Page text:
RP2.1-07 Deliberative engagement processes on the role of future fuels in the future low-carbon energy mix in Australia

Executive Summary

Over the last two decades deliberative democratic approaches to dealing with complex societal and environmental matters of local, regional and national importance have rapidly gained popularity across the globe. In particular, deliberative engagement processes have become increasingly popular because of their ability to provide informed and considered public opinion data on often contentious issues, and because they also have the capacity to tap into local knowledge and deal with long-term solutions rather than short term incentives (for example, the Citizens Assemblies on climate change). Deliberation has also been successfully applied when dealing with opinion polarisation; misconceptions and/or divisiveness (for example, see the Irish Constitutional Convention and Citizens’ Assemblies).

This research project facilitated deliberative engagement processes (specifically, “citizens’ panels”) to investigate the role of future fuels in Australia’s future low-carbon energy mix. Each process involved a group of citizens randomly selected to be broadly representative of the adult population in the focal location or who were chosen to represent a targeted social group, along with expert presentations on matters and topics relevant to the deliberations. Consistent with social distancing requirements during the covid-19 pandemic online citizens panels were convened.

By hosting these citizens’ panels this project aimed to: 1) outline challenges, opportunities and priority actions that will help Australia to deliver the full potential of a low-carbon energy future; and 2) identify issues, benefits, drawbacks and trade-offs related to the implementation of future fuels in Australia’s energy mix. Via the use of the citizens’ panels approach to deliberative engagement the research surfaced and examined public preferences towards the role of gas and future fuels in the future low-carbon energy mix.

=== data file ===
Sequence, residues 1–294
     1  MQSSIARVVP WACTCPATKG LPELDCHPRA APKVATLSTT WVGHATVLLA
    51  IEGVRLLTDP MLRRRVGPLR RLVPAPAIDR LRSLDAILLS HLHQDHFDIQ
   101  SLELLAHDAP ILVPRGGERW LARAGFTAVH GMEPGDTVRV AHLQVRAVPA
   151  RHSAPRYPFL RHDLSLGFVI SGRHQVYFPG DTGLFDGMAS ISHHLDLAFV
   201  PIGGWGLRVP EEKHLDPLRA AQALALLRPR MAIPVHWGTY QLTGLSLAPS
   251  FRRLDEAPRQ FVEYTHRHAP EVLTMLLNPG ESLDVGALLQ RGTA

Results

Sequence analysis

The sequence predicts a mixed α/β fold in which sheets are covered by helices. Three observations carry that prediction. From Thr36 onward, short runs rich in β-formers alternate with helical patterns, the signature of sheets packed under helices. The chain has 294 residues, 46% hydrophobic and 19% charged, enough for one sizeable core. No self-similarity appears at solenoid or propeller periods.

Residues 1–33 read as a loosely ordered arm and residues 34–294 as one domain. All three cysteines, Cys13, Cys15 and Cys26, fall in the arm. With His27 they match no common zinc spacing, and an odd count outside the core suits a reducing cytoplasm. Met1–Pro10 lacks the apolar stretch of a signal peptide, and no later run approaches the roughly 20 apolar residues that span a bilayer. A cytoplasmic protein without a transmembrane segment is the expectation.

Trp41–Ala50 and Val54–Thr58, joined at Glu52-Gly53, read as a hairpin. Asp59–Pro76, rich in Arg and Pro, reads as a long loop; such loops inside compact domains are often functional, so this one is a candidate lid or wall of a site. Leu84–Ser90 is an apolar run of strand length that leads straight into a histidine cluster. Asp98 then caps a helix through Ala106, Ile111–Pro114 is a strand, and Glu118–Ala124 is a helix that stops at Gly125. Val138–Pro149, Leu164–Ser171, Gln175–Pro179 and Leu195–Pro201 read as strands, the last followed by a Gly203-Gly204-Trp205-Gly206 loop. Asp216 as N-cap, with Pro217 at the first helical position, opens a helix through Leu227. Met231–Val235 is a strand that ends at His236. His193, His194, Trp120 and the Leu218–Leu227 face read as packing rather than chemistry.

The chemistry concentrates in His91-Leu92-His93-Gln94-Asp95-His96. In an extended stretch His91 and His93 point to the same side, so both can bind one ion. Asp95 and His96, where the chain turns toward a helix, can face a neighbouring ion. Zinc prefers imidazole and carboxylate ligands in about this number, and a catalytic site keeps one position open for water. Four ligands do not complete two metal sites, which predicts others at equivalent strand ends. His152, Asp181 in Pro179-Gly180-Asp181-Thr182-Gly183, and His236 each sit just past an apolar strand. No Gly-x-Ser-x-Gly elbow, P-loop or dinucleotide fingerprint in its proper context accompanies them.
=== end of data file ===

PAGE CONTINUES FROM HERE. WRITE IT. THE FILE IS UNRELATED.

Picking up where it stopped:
More information:

Project summary – FFCRC RP2.1-07 citizens panels on future fuels (click on green text to access)

Report on three citizens panels run in 2021 (Greater Melbourne panel, South Australian panel, and Illawarra/Wollongong region panel): Three online citizens’ panels were completed in 2021 and the associated interim project report and citizens’ panels technical appendices have been made publicly available. Click on links to access to these reports.

Report on citizens’ panels run in 2022, one involving younger participants from across Australia, and another involving participants from Western Australia: The CRC has made this project report and the technical appendices open access. (Click on links to access)

Final project report (open access)

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Commencement / End Date August 2020 to November 2022
Outcomes / Impact

The citizens’s panels will inform the gas industry and wider policymakers about what roles for gas and future fuels are considered appropriate and/or valuable by informed publics (i.e. process participants) via the development of informed and considered public opinion data.

These research outcomes may assist industry in maintaining its social licence and ensuring gas and future fuels have a role to play in the zero-carbon energy transition.

Partners University of Queensland, Jemena, APA Group, South Australian Government (DEM), GPA Engineering, AusNet Services, ATCO, Evoenergy, AGIG
Research Contact

Dr Stephen McGrail

Research and Education Program Coordinator